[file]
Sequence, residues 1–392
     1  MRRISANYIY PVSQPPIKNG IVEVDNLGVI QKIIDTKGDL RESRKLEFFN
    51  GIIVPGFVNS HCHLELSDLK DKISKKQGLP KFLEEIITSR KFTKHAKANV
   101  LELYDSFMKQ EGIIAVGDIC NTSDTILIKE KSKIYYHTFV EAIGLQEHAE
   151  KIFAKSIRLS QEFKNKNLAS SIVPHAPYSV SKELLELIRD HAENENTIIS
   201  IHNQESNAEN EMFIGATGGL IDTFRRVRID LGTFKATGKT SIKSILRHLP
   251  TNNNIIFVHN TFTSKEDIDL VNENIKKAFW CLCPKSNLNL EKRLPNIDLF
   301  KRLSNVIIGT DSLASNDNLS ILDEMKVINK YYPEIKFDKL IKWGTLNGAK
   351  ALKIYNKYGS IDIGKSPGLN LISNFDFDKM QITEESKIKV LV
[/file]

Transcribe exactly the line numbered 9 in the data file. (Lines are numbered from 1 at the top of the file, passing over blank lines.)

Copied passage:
   351  ALKIYNKYGS IDIGKSPGLN LISNFDFDKM QITEESKIKV LV